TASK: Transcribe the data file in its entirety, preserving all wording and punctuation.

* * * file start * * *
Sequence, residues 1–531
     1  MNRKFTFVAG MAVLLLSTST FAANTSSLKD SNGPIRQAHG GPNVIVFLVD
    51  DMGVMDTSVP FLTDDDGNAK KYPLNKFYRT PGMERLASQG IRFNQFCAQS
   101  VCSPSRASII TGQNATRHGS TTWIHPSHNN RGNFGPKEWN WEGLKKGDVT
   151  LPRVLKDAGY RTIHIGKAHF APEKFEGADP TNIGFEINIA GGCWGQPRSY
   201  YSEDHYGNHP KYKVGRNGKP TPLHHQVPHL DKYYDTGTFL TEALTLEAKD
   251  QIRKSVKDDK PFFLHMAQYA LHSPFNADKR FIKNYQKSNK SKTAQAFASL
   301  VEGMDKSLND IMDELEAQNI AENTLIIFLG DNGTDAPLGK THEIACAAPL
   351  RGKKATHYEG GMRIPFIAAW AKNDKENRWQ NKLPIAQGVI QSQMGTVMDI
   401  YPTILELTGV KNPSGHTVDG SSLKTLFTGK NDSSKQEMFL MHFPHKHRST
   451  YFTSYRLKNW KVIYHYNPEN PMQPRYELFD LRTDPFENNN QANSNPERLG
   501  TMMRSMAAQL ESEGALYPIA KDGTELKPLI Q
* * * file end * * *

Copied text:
Sequence, residues 1–531
     1  MNRKFTFVAG MAVLLLSTST FAANTSSLKD SNGPIRQAHG GPNVIVFLVD
    51  DMGVMDTSVP FLTDDDGNAK KYPLNKFYRT PGMERLASQG IRFNQFCAQS
   101  VCSPSRASII TGQNATRHGS TTWIHPSHNN RGNFGPKEWN WEGLKKGDVT
   151  LPRVLKDAGY RTIHIGKAHF APEKFEGADP TNIGFEINIA GGCWGQPRSY
   201  YSEDHYGNHP KYKVGRNGKP TPLHHQVPHL DKYYDTGTFL TEALTLEAKD
   251  QIRKSVKDDK PFFLHMAQYA LHSPFNADKR FIKNYQKSNK SKTAQAFASL
   301  VEGMDKSLND IMDELEAQNI AENTLIIFLG DNGTDAPLGK THEIACAAPL
   351  RGKKATHYEG GMRIPFIAAW AKNDKENRWQ NKLPIAQGVI QSQMGTVMDI
   401  YPTILELTGV KNPSGHTVDG SSLKTLFTGK NDSSKQEMFL MHFPHKHRST
   451  YFTSYRLKNW KVIYHYNPEN PMQPRYELFD LRTDPFENNN QANSNPERLG
   501  TMMRSMAAQL ESEGALYPIA KDGTELKPLI Q